The Nudge Wars: A Modern Socialist Calculation Debate
Originally published in The Review of Austrian Economics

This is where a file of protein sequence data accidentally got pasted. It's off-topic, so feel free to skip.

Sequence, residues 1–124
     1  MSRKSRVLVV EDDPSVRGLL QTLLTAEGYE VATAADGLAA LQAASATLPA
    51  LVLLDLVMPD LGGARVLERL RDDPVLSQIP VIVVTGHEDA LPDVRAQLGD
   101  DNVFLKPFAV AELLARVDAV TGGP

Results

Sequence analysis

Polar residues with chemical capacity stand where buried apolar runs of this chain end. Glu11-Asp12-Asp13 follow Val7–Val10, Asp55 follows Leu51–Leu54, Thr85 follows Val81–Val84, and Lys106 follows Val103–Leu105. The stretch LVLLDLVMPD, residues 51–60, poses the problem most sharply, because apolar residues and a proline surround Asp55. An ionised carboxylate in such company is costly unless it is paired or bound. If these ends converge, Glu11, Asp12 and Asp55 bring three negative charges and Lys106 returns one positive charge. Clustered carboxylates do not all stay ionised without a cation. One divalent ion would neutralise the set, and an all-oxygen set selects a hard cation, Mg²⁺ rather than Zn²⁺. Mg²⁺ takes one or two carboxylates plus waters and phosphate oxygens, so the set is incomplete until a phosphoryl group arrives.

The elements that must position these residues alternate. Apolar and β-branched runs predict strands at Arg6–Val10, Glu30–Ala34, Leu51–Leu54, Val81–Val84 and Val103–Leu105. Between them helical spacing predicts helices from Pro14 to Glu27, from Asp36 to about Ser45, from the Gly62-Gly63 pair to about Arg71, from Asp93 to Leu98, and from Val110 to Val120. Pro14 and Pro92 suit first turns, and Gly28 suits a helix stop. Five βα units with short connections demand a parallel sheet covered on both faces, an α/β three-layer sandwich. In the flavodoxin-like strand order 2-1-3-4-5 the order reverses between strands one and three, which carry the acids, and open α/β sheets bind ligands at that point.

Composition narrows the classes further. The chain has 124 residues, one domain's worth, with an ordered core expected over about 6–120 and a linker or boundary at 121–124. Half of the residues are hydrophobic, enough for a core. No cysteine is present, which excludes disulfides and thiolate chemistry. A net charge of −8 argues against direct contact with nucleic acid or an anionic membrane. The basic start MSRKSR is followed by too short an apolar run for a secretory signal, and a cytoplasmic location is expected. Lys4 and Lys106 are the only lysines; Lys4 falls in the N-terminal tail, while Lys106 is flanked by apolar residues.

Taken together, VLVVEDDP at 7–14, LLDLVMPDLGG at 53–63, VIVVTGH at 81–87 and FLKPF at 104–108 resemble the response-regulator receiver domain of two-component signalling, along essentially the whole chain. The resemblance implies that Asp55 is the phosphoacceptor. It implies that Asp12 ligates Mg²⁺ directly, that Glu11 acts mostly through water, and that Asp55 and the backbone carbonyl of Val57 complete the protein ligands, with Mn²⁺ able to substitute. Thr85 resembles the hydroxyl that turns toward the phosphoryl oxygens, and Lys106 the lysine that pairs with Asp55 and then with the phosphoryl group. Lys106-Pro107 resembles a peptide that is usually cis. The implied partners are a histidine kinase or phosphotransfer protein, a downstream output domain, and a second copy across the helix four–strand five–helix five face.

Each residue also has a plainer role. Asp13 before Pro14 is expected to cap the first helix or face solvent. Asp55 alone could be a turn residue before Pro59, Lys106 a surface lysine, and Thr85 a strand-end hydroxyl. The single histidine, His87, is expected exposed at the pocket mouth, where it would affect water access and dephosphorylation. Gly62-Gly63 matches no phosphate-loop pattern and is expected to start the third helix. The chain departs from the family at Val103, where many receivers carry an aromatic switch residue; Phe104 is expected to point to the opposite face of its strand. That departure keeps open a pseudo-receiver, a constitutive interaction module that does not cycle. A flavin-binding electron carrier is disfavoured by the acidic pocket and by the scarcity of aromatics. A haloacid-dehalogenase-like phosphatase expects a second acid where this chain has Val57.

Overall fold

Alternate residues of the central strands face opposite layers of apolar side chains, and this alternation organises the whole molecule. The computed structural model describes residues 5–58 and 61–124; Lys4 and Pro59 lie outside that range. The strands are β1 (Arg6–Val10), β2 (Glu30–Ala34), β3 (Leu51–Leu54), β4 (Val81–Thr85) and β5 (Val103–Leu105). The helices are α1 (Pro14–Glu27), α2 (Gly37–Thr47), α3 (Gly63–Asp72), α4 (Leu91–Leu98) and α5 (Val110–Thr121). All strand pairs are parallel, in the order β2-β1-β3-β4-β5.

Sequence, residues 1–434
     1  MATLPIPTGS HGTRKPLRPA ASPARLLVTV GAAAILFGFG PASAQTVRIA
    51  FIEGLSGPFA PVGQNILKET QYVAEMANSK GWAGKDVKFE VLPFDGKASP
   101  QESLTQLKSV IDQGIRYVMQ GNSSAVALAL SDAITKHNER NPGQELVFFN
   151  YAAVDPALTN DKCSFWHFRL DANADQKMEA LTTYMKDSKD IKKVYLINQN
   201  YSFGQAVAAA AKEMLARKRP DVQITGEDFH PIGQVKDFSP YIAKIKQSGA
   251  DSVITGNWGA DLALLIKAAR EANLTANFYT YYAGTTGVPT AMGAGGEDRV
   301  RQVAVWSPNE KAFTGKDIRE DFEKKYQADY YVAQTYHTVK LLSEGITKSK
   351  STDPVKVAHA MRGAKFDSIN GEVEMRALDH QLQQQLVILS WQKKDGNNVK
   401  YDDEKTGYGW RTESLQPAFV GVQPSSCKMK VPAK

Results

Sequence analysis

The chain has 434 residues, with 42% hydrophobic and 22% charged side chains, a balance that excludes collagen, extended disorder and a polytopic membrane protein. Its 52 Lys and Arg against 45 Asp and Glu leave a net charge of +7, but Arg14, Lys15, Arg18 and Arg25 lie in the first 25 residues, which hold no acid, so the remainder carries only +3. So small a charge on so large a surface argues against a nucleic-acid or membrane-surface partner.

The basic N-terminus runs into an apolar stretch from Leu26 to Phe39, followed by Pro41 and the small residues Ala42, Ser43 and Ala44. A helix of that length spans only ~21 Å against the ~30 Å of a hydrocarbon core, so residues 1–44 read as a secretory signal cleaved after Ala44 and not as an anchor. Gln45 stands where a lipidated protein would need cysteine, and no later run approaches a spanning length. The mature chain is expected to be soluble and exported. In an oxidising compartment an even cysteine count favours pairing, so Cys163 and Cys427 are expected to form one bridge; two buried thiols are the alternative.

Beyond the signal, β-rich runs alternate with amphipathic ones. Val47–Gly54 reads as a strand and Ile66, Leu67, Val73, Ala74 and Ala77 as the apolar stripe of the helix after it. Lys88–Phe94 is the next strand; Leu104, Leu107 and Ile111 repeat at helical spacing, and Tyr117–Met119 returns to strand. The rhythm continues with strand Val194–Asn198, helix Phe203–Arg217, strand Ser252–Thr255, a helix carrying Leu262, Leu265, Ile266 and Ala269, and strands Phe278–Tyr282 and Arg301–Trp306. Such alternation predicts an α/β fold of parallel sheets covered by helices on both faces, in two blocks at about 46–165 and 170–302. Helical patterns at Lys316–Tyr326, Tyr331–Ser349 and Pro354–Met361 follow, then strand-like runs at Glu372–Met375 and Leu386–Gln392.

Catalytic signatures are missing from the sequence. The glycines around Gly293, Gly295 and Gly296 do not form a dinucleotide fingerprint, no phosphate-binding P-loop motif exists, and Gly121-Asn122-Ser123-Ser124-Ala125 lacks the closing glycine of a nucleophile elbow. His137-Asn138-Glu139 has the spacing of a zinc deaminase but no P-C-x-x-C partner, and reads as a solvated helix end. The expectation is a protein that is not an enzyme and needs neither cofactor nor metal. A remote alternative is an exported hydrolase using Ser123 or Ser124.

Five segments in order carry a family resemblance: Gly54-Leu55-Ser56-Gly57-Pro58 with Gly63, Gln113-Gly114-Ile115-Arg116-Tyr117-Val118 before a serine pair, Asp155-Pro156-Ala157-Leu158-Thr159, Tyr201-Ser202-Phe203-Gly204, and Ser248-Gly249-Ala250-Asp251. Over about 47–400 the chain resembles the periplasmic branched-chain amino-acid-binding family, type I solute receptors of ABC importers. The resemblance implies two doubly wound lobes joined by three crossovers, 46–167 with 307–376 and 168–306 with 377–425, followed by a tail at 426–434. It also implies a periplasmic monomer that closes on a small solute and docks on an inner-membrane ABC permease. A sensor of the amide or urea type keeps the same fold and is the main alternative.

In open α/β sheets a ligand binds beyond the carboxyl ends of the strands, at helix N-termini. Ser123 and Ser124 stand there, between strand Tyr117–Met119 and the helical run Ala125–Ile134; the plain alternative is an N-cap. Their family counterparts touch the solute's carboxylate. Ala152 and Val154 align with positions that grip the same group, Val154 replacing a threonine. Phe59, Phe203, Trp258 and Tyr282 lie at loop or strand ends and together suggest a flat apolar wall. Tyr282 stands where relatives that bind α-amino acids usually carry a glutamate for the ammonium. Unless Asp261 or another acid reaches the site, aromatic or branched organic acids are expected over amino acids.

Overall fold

We investigate the claims of behavioral paternalism in the more realistic framework of complex choice. In particular, we analyze the claims made by behavioral paternalists that predictive analytics over large amounts of data will make it possible to target and successfully implement purportedly welfare-enhancing nudges deemed to make nudged agents better off “as judged by themselves” (AJBT). We draw parallels between the socialist calculation debate and nudge theoretical arguments, particularly the libertarian socialism of H. D. Dickinson and the libertarian paternalism of Cass Sunstein and Richard Thaler. We find that if actual idealized behavior is a more complicated process of recursive feedback using a knowledge classification method, behavioral paternalists engaging in an automatized process of notice-and-comment rulemaking using Big Data methods still encounter epistemological problems and the problems associated with radical uncertainty unearthed during the socialist calculation debate and afterwards.